Sunday, April 22, 2007

An Unfurling of Hope

When I left for Findhorn at the end of March, the plants in my garden were holding their breath, uncertain of what was to come. Only the most Tentative signs of growth were evident. A week later, every plant was unfurling, opening and pushing forth tender, yet sturdy leaves. Moist, yet cool to touch, each leaf felt fresh and strong. I imagined them gleaming, an optimistic new green, and the trademark of this time of year.

AS I stood breathing in the newness and allowing the gentle perfumes fully into me, I felt a settling of joy which brought me to tears for the beauty of it. Not given to such feelings generally, I was surprised but also relieved to feel like a human being again. For too long I had stood in the pain of the frozen north of my grief and anger, expressed over the death of my father, but really about so many other things too. For too long, I had danced in the dark place of my self-hate and internal revivification for the weaknesses of my flesh – the serial addictions which had taken turn one by one, to stand centre stage within my conscious and unconscious mind. So many times, I had resolved to shift them, standing at the dawn of new beginnings only to have each one shrivel and die as I returned to the old habits that had be bound.

My fingers gently stroked the cool, smooth bark of the rowan tree. I remembered the victories. Three years without a cigarette, five years since I allowed myself to toss sleepless at night, 18 years since I broke the destructive hold of alcohol, at first through total abstention and then into a place of allowing with judgment. Now I was facing the oldest and perhaps the most entrenched to shift – my compulsive eating. “You are set back by your failures on this (emotional) level”, the card in the game of Transformation played two weeks ago at Findhorn said. “How bloody true,” I thought as a fountain of despair overwhelmed me again.

I played the game of Transformation on the 3rd of April. 35 years ago to the day, I woke up to find the face of bob Dylan, on the poster over the mantelpiece in my bedroom, blurred into a series of shifting greys. The penultimate of a series of eye haemorrhages had unbalanced the delicate structure of my right eye. Within hours, I was flat on my back in a hospital bed.

For five weeks I Languished there before coming to my senses and demanding to be let out. After all, there was nothing to be done and I had my life to live. I was only sixteen and “o” levels were looming.

I think back upon that grey time (for colours had faded into insipient milkyness beyond the fog of swirling eye fluids, and remembered how others began to close in and limit my choices. I remembered the depression of sitting and feeling old before my time in the day centre for the blind. I wondered if I would ever get out again.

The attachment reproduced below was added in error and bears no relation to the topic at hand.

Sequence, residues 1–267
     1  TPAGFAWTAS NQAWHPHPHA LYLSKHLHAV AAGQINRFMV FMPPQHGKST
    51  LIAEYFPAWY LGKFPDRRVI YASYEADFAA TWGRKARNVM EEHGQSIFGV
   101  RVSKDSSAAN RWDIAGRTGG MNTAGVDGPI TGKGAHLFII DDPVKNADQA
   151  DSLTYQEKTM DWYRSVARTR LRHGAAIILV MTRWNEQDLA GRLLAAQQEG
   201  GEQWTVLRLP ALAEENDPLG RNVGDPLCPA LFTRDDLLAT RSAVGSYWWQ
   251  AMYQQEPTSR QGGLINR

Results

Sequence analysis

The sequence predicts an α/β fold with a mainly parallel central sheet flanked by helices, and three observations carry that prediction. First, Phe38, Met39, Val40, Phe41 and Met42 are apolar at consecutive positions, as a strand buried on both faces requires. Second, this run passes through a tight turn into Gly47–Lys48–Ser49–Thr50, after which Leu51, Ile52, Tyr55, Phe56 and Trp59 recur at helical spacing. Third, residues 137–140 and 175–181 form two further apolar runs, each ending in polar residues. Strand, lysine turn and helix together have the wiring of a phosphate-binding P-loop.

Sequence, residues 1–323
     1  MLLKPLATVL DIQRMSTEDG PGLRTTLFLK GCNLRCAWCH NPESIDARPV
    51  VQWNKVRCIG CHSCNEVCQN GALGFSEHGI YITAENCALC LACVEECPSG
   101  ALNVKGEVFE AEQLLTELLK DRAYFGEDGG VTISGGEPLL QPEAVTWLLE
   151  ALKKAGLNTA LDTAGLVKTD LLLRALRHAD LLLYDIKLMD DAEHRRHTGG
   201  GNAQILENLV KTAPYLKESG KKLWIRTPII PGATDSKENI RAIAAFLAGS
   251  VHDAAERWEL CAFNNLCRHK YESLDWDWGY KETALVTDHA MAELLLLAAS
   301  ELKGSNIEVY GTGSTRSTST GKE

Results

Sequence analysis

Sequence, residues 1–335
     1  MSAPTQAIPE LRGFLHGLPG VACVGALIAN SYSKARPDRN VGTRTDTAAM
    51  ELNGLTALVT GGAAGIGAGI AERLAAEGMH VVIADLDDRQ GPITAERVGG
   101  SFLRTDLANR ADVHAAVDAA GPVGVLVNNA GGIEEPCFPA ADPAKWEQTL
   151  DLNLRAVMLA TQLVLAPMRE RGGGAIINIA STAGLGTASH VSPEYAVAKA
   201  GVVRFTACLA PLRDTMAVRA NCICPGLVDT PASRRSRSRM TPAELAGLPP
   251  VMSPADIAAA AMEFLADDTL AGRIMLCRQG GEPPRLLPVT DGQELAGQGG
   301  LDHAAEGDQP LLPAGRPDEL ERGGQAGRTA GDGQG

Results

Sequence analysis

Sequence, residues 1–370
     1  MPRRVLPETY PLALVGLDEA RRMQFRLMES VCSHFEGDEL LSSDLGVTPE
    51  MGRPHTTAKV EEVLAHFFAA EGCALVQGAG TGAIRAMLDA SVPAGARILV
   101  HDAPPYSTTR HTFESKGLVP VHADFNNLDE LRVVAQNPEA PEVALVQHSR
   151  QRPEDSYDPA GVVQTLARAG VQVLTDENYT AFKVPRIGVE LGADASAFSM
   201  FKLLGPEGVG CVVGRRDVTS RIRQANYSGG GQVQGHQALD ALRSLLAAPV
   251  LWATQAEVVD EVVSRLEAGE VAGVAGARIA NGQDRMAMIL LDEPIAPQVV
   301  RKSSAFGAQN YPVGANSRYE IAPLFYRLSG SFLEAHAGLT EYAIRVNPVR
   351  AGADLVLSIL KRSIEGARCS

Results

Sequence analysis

Then I remember learning to march along waving a huge long cane and the dawning realisation that I could get out and move around. I remember stoutly demanding to go back to school so I could sit my “O” levels. I remembered the hours of pouring over borrowed lesson notes for the sessions I had missed, knowing that if I didn’t do this, I would be lost. As the sun grew strong, I squinted in the painful glare and longed for cloudy days when I could see well.
That single-minded determination brought results. Against all odds, I passed the exams I was able to take, half of them with ‘A’ grades. Time went on and I continued to confront the obstacles. I went to Art School (studying to post graduate level), the first blind student at that time to have ever done so. I’ve gone on to be successful in most things I do, pushing aside others limiting beliefs on the way. So what stops me truly confronting my own? What can this journey with the goddess teach me about facing and learning from those demons?

All around is the evidence of trust and hopefulness in the burgeoning of the garden. There is no certainty that the temperature won’t drop and a frost return to destroy that new growth. The climate change that brings this golden sunshine may yet deliver that too. Yet the bluebells wave determinedly in the soft breeze as though to say “stuff you, I’m here now!”

And so I move through the year with the goddess, synching with the seasons. It’s time to allow this deepest of changes to grow within me and shift me forward. It’s time to take the learnings from my past and let go of the emotions. So stuff you compulsive eating, I’m here now and it’s time to let you go.

And with this in mind, I set out on another pilgrimage to meet the Goddess, this time to Mid Wales.

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